The Order is effective from March 28, 2020, until the State of Emergency is terminated by the Governor, or until the Order is rescinded by DPH, whichever shall happen first. According to the Order, guidance is being issued by MassHealth setting forth the procedures to be used to transfer and discharge residents.

DPH Issues Order For Independent Practice of Advanced Practice Registered Nurses (APRNs)

On March 26, 2020, the Massachusetts DPH Commissioner issued an Order expanding the practice authority of APRNs with more than 2 years of supervised practice experience. Under the Order, APRNs in all categories recognized by the Board of Registration in Nursing and in good standing, other than certified nurse midwives, who have at least 2 years of supervised practice experience, are exempt from all requirements for physician supervision and written guidelines for prescriptive practice. Guidance issued by the Bureau of Health Professions Licensure clarifies that 2 years of professional practice as an APRN in a jurisdiction where physician supervision is not required will also meet this requirement.

For APRNs, other than certified nurse midwives, with less than 2 years of supervised practice experience, the existing requirements for physician supervision and prescriptive practice guidelines continue to apply. If, however, such APRN collaborates with a different physician for supervision of prescriptive practice during the state of emergency, a record signed by the APRN and the supervising physician specifying their consent to such supervision and the relevant dates, will meet the requirement for written guidelines. The Guidance states that the physician and APRN must both hold valid licenses in good standing, and the collaboration must be in response to the need to maximize health care provider availability during the state of emergency.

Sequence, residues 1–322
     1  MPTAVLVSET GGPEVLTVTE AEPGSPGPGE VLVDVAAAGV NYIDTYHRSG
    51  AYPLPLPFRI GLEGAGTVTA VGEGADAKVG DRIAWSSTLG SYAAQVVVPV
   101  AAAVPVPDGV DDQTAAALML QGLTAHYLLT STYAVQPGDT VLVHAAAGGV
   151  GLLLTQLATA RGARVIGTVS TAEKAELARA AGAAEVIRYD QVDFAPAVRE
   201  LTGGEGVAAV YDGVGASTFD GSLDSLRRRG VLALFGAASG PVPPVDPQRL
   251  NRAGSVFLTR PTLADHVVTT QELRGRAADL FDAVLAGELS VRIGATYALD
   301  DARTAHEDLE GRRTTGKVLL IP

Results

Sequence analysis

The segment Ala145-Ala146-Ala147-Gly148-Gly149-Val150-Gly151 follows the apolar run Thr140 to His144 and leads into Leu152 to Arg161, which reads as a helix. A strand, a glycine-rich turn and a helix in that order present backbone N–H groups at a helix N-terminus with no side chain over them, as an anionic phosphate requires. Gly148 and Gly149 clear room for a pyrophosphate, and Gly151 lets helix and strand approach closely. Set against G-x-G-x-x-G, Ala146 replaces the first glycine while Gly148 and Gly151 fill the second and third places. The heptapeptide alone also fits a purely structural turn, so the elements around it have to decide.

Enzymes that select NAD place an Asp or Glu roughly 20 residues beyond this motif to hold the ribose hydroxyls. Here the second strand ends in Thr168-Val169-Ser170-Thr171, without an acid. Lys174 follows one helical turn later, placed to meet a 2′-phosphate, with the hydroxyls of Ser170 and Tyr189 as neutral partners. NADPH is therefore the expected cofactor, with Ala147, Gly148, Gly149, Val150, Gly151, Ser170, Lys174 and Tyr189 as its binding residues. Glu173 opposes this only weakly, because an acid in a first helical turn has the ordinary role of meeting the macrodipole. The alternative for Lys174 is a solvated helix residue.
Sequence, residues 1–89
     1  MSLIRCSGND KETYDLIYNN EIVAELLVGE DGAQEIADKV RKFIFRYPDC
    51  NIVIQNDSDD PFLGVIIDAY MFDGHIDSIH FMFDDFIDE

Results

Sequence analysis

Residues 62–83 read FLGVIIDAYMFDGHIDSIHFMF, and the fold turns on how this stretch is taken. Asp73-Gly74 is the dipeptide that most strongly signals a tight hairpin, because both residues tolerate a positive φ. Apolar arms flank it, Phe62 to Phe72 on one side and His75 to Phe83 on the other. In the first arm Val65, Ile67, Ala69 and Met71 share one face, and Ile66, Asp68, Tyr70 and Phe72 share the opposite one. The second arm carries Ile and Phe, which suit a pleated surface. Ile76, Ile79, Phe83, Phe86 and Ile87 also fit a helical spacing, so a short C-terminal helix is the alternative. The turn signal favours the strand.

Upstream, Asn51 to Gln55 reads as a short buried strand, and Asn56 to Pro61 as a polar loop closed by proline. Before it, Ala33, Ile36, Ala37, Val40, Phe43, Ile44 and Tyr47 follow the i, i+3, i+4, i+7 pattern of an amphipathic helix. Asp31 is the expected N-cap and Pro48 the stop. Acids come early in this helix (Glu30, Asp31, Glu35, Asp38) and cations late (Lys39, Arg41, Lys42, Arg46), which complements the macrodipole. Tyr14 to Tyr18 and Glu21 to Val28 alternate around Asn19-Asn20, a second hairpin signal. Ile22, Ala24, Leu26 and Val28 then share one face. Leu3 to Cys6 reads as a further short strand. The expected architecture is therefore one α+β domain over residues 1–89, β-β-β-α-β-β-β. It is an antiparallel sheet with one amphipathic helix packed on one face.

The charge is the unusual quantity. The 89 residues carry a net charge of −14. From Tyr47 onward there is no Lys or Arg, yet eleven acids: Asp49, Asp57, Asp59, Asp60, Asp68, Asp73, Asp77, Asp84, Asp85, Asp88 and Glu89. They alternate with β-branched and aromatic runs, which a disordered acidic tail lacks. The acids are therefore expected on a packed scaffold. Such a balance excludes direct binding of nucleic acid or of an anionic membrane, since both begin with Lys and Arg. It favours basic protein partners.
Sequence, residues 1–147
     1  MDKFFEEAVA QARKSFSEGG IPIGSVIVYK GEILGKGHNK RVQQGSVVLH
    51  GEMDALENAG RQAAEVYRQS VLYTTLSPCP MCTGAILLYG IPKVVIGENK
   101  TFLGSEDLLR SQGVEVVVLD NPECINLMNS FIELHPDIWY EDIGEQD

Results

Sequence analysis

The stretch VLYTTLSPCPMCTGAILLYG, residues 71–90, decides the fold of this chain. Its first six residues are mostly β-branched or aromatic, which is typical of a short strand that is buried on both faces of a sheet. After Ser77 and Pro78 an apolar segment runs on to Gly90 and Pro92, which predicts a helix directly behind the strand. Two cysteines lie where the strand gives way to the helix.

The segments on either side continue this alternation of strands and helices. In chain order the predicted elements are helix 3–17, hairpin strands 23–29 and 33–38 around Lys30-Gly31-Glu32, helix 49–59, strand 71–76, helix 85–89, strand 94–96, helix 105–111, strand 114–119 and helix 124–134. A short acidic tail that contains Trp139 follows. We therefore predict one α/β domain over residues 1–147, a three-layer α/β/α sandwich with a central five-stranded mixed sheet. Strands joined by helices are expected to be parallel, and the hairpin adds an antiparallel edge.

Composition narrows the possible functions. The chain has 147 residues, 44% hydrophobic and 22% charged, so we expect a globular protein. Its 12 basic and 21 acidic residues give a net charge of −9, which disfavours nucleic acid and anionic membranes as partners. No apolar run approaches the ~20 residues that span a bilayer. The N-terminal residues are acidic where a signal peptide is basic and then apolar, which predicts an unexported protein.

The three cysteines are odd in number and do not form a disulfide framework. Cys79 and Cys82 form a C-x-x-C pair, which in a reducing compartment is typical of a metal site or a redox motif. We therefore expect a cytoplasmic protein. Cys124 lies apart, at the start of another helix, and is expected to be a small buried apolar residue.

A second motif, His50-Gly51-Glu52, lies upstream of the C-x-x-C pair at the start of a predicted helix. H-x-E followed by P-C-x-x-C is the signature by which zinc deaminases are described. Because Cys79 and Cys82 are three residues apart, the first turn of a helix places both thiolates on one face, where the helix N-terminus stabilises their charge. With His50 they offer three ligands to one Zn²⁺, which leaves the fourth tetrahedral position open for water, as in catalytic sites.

Governor Issues Order Authorizing EOHHS to Adjust Essential Provider Rates

On March 30, 2020, Massachusetts Governor Baker issued an Order authorizing the Executive Office of Health and Human Services (EOHHS) to designate certain classes of providers that EOHHS determines are (1) facing extraordinary demand due to the COVID-19 public health emergency, (2) are necessary to keep vulnerable individuals safe in their home or residences, or (3) are human services providers that have been forced to respond to respond to COVID-19 by altering modalities of service delivery in ways not contemplated by the current rate structure.

Under the Order, EOHHS is authorized to establish temporary rates, supplemental payments, new rate and payment methodologies and arrangements to reflect the new modalities through which providers are delivering their services. The temporary rates, supplemental payments, or new rate and payment methodologies will be effective on publication of Administrative Bulletins, which shall be published by EOHHS in the Massachusetts Register and on the EOHHS website, which shall be open for public comment. The Order and such temporary rates or payments established under the Order are effective for the duration of the state of emergency.

MassHealth issues FAQs for Behavioral Health Providers Using Telehealth